There is something sweet about inviting people into your kitchen. There is power in the shared togetherness when people gather to make food. On my last morning in Guatemala, I loaded onto a bus with 10 other American women for a trip to the farm where the food kitchen is located.
The idea of this morning was to teach the Guatemalan women about nutrition. It is completely true that they know how to cook, no doubt about it. But what we wanted was to educate these women with the knowledge and tools they would need to bring nutrition into their family's bellies.
Veggies were being chopped, and meat was placed in foil packets across a long table in the middle of the room; Guatemalan and American women filled on both sides. The walls were this vibrant teal color that will forever lay as a symbol of togetherness in my mind. It was definitely warm in this place, but I believe that it was because of all of the laughter.
Just like an American kitchen, there were little children running in and out, tugging at mommy’s arm, their giggles and smiles being the soundtrack of the morning. This scene and this space was familiar.
Oh the great honor and joy these women partake in as they provide for their families the best way they know how. The dignity and honor that fill their faces as they place the vegetables among the foil packets. Careful detail was accounted for with these women.
But one of the greatest memories of this morning, that will forever be kept in my heart, was allowing these women to teach us how to make tortillas. Let me tell you, they are GREAT at it, and so QUICK! Oh the sound of the patterning of hands that was smoothing the tortilla dough. These women worked deliberately and mindlessly. Upon our discussion, I came to learn that on average, they make 50 tortillas a DAY! Fresh tortillas are made for every meal.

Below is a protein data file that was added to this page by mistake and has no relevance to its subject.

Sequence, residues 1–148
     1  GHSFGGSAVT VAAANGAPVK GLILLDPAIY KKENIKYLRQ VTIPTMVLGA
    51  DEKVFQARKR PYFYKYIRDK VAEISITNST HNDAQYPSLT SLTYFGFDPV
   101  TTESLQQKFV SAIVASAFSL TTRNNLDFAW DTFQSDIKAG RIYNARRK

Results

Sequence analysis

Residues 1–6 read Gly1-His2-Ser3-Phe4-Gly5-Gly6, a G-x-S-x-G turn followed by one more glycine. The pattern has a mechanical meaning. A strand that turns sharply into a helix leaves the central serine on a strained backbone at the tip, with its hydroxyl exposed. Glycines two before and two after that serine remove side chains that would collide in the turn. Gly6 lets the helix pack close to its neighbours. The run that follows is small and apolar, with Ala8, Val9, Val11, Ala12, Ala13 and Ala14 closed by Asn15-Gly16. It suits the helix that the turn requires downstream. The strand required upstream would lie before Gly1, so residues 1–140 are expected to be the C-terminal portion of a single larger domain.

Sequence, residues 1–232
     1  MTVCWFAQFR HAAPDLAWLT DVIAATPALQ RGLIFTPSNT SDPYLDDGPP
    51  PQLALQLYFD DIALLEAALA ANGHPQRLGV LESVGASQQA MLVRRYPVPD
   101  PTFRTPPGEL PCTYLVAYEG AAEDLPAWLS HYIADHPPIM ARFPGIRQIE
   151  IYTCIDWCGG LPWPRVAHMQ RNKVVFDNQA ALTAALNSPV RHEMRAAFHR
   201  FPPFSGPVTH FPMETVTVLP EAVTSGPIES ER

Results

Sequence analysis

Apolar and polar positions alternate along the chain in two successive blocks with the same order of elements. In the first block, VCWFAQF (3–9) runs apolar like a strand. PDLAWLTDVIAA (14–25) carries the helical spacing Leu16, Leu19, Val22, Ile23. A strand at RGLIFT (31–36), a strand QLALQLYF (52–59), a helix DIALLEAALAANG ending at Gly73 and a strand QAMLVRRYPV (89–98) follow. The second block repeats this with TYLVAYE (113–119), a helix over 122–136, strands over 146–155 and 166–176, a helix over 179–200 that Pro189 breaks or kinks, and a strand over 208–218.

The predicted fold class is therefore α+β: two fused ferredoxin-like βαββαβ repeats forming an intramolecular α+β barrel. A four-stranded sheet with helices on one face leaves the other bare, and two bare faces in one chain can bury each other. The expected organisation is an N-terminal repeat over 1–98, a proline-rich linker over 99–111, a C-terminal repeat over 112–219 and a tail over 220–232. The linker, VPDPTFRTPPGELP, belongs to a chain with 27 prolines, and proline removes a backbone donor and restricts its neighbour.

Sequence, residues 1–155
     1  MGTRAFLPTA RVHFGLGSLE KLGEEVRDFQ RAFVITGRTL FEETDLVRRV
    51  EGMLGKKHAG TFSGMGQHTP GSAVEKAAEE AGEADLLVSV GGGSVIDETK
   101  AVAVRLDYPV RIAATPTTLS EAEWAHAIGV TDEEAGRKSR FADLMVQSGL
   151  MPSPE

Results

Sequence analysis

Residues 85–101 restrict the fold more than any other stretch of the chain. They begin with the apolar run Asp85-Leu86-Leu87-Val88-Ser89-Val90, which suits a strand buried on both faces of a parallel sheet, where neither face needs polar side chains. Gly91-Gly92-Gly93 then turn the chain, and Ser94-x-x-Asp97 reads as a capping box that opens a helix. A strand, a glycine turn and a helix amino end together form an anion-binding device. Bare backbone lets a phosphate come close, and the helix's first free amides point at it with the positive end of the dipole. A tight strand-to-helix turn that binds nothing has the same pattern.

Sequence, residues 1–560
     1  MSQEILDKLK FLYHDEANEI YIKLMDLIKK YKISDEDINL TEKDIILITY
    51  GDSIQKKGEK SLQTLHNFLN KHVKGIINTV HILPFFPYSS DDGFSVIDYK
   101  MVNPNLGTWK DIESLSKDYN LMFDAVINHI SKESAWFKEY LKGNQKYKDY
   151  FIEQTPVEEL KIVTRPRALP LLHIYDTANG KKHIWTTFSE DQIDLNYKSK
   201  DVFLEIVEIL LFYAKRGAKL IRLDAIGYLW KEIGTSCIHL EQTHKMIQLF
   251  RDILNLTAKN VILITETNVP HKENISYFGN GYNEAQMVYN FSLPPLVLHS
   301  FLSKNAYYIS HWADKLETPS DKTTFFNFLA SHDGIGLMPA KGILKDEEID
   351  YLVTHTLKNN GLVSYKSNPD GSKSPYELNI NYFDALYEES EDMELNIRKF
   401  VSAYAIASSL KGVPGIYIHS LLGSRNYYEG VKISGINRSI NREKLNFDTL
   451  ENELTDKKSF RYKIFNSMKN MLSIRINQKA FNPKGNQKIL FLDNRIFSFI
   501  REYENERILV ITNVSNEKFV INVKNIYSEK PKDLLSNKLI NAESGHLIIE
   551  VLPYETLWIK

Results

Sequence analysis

Oh I wish you could have seen the humble pride these women had as they taught these naive Americans how to make corn tortillas. They were proud to have ownership of something that holds meaning. They laughed at our silly attempt to pat our dough out, but graciously waited as we took our time making a tortilla, one by one.
Usually, I get caught up being behind the camera and taking in each moment, that I tend to forget to participate. I am thankful for the patient Guatemalan women that pleaded with me to just make one. To see the joy on their faces again, I would do anything.
Am I thankful for the footage that I gathered from that morning? YES. Yet, I am that much more thankful for the sacred privilege of being invited into their normal moments, and seeing the joy their hearts experienced through teaching me.
On this Monday, I ask you, what is your tortilla making moment? What are you keeping yourself from participating with? Take a break from looking through a lense and see the reality that is in front of you IN THAT MOMENT.